COMPULSORY SCRAPIE genotyping of rams will help eradicate scrapie from UK flocks, but the new scheme has left some in the industry questioning past policies relating to the voluntary scheme.

The new compulsory ram genotyping scheme, likely to begin later this year, has set the aim of removing all scrapie susceptible VRQ rams from the national flock. This is all rams of types four and five (see table). However, the voluntary ram genotyping scheme, introduced in 2001, aimed to eliminate all scrapie susceptible genotypes – types three, four and five.

National Sheep Association chief executive John Thorley believes there are two reasons for this change. “There is an element of re-prioritising of scheme objectives.

“And it is recognition of how the National Scrapie Plan impinges on the industry. The ARQ allele may carry some commercially important traits, particularly in hill and upland breeds.”

 But Suffolk Sheep Society commercial director Robyn Hulme says concentrating solely on VRQs appears to be a negative step. “Many Suffolk breeders have made breeding decisions based on the original objective of eliminating type three, four and five sheep, now DEFRA seems to be backtracking. We need clarification of exactly what the NSP aims are.”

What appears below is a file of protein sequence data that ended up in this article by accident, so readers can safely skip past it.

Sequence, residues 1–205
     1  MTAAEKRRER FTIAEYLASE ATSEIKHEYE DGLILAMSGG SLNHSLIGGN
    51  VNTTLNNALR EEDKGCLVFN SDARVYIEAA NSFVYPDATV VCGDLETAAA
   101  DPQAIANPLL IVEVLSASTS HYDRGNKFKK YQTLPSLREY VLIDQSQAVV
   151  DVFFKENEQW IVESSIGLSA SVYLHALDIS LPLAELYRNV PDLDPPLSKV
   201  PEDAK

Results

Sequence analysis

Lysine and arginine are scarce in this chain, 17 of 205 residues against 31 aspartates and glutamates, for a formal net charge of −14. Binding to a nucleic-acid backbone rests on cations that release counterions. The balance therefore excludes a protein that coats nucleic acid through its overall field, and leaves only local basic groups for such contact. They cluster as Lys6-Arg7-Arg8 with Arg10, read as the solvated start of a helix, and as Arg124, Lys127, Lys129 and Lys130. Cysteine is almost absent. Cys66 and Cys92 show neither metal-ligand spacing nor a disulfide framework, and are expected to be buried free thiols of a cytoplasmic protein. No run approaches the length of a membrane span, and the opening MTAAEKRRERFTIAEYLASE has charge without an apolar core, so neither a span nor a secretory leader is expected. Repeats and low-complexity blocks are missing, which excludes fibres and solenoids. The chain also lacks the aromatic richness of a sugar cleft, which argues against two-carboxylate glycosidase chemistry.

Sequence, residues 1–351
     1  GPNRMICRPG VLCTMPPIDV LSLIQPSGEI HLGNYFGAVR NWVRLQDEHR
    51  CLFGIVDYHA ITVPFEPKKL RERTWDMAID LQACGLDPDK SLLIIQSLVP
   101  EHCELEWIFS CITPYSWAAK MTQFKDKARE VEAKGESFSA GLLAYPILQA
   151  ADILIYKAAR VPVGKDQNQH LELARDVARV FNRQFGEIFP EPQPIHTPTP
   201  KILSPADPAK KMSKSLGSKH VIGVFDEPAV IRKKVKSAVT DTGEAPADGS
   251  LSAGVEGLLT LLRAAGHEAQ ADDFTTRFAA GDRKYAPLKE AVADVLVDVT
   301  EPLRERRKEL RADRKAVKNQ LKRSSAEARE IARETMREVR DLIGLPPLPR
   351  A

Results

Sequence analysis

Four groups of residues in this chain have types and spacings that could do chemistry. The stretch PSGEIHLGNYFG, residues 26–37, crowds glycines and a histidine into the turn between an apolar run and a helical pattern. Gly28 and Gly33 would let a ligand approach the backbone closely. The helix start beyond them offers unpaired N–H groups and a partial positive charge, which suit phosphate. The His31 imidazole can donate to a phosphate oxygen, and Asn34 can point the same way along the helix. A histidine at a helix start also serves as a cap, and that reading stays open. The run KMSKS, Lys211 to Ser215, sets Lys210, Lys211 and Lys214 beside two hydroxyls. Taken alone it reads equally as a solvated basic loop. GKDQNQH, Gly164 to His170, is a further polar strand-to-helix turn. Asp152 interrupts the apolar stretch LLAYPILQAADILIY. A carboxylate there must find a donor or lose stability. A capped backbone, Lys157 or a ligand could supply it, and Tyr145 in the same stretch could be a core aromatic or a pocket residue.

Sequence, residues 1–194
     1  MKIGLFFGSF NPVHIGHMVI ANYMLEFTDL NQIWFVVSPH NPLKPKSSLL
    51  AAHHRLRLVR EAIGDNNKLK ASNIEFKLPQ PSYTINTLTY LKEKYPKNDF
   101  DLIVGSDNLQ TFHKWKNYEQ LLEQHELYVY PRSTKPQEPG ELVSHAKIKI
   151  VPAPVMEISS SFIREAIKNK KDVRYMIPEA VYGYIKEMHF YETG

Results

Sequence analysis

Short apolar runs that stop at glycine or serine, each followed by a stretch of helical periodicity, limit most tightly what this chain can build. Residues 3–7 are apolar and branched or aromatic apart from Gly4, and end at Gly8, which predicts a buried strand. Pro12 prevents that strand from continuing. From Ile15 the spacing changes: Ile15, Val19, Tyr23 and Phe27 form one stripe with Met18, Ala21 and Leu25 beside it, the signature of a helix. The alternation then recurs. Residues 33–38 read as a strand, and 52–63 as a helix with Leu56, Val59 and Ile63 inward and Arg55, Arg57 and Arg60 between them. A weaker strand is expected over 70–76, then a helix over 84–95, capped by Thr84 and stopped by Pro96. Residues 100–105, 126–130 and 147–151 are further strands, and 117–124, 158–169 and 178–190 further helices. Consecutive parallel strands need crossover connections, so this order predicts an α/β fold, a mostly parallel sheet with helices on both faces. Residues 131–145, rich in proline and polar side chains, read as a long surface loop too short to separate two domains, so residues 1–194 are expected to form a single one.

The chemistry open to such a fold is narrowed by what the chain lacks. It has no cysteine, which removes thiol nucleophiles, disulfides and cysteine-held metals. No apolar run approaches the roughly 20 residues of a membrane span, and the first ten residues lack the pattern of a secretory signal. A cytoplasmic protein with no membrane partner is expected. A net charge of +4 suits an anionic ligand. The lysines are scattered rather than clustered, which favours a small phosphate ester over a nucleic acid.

However, for Hants-based Texel breeder Simon Farmer the decision to re-focus the NSP on simply eliminating type four and five sheep is welcome. It gives wider breeding opportunities, rather than forcing breeders to use relatively few tups, he says.

“The breed would be stronger if breeders hadn”t felt forced to focus on selecting for just one trait.”

Blackface Sheep Breeders Association president Jim Mitchell also believes the relaxation of NSP requirements is essentially good news for breeders. However, he has concerns that some commercially valuable traits may already have been lost in the quest for scrapie resistance.

But Mr Mitchell does not believe breeders who have been breeding for scrapie resistance in recent years have done the wrong thing. “The number of scrapie resistant tups available has increased, so more breeders have access to resistant rams.

“Now producers are able to use tups suited to their flocks and systems. These leading breeders have done the breed a real service,” he adds.

But Mr Thorley believes the compulsory scheme will allow UK breeders to ensure they are in the strongest possible position regarding scrapie resistance. While admitting there may be problems enforcing the scheme, he believes breeders will come on board.

“It is down to everyone in the industry to take responsibility for their own actions and ultimately, ram breeders and buyers will suffer from not joining,” he warns.

Mr Hulme suggests one way of ensuring all ram breeders take part in the scheme would be to make it a cross compliance requirement.

DEFRA was unavailable to provide details of the proposed timetable for introduction or the relaxation of the NSP breeding objectives before FW went to press.